The paper looks into the evolution of globalization at its earliest stages (from the Neolithic Revolution to the Urban Revolution). Building on the approach by Frank, Chase-Dunn, and Hall to defining the age of the World System, we view the network space of the ancient World System which secured its cohesion. This network space served to transmit and diffuse the most important innovations of that time, such as domesticates, technologies, and prestigious goods. For each of these categories we give a number of examples which, taken together, provide sufficient evidence for the emergence of the World System as early as the Neolithic Revolution (and, indeed, in close connection with it).
It is recognized widely enough that a pre-state society in order to get transformed into a state must have a certain size of territory and population, a necessary degree of sociocultural complexity and an ability to produce sufficient quantities of surplus. However, sometimes cultures significantly exceed required levels of those parameters without forming states. In addition to this, we know historically and ethnographically a considerable number of stateless societies not at all inferior to the early state societies with respect to their territory, population, sociocultural and/or political complexity. So, the question is: how to classify such societies? Compared to unquestionably pre-state societies, such as, for example, simple chiefdoms, they are not only larger in size but much more complex as well. In certain sense, they can be regarded as being at the same level of sociocultural development as early-state societies. And, since both types of societies faced similar problems and solved similar tasks, I denote complex stateless societies as early state analogues. This article is an attempt to analyze such analogues and compare them with early states.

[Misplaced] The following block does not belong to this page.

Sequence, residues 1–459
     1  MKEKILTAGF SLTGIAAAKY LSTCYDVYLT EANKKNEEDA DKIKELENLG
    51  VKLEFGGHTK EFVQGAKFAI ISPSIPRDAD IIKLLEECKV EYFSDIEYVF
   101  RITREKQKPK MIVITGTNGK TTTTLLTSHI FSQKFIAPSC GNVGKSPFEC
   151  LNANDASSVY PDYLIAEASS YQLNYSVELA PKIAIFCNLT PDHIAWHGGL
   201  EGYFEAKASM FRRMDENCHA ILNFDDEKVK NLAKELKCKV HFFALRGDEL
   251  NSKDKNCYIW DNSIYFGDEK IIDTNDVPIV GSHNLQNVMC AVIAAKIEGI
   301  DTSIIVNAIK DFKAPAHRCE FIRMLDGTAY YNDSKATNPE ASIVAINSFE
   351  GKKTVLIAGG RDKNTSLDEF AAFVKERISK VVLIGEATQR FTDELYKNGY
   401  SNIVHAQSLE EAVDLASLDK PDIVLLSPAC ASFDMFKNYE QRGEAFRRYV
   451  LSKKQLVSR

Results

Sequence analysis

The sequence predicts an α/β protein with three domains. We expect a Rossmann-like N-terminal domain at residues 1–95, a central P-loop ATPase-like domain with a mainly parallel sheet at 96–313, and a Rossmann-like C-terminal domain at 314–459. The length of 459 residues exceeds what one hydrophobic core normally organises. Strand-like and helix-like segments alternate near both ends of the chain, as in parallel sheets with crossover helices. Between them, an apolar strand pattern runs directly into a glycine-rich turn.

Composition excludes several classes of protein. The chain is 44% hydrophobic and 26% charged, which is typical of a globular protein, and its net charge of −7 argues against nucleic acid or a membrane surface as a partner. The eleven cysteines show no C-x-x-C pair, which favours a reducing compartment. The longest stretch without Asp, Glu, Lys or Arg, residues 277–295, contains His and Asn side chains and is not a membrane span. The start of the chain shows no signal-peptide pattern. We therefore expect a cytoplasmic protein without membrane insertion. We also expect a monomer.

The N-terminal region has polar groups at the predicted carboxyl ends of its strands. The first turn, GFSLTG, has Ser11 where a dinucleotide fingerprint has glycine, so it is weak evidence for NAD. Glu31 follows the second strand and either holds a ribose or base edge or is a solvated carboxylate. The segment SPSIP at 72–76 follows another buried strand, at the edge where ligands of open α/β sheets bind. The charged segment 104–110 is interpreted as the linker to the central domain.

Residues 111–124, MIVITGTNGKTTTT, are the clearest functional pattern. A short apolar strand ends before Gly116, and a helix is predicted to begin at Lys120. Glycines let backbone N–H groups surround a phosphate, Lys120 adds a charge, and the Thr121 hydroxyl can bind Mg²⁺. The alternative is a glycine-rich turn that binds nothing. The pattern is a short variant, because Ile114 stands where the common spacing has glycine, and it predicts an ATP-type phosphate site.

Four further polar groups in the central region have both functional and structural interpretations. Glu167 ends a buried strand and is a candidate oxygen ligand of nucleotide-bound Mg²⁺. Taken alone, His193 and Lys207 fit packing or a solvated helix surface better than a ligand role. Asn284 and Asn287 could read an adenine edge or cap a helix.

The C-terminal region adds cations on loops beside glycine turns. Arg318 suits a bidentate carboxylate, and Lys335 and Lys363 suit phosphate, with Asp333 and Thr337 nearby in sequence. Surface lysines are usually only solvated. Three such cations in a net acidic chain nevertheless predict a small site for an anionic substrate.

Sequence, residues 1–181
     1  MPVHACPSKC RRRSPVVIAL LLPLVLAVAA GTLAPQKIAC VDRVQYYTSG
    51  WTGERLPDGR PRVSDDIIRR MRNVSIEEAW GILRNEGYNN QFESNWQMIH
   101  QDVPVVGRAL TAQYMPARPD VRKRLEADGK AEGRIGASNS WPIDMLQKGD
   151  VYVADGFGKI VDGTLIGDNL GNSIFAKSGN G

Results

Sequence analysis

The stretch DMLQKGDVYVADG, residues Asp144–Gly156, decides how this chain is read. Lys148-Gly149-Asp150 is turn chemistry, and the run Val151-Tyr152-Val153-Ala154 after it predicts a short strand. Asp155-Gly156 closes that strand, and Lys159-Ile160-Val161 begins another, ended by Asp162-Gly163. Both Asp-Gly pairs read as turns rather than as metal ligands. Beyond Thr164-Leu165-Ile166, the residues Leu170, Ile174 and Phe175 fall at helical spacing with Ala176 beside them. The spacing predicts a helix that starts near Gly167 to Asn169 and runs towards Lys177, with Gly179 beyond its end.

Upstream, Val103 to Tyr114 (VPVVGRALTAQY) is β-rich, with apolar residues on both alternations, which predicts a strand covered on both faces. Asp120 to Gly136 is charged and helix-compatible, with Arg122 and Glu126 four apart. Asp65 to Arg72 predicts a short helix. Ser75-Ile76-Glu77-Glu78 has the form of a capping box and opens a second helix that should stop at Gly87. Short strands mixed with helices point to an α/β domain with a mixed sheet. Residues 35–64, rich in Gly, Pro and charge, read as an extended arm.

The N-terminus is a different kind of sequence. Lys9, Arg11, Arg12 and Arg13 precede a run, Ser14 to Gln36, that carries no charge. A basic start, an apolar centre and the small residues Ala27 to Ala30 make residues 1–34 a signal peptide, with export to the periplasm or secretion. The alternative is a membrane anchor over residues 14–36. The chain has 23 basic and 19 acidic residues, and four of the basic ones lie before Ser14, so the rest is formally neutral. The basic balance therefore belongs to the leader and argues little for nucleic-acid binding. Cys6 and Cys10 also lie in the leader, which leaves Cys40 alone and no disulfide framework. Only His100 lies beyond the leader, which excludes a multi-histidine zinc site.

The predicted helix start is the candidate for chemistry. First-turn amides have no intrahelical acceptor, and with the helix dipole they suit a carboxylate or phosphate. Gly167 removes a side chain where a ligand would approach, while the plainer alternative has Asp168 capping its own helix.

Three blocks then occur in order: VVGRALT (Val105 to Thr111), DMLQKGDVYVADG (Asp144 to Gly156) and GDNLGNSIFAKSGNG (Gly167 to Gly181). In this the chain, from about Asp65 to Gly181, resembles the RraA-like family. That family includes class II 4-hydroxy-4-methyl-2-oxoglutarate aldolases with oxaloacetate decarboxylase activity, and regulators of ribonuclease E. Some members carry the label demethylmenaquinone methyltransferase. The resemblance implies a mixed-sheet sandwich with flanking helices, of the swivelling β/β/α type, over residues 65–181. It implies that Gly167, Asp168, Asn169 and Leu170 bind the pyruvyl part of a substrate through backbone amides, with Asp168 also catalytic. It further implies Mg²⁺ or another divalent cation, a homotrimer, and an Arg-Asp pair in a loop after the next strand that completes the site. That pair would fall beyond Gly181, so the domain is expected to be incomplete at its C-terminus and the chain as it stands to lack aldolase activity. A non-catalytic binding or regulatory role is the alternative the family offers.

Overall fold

We present a general theoretical analysis of processes and models of the formation and development of polities, starting with the level of simple chiefdoms and their analogues up to the level of the early states and their analogues. This macroevolutionary process is ge-nerally denoted here as primary (initial) politogenesis, whereas the early state formation process is regarded as a component of the politogenesis. The analysis of politogenesis is made against the wide background of late archaic and early civilizational processes.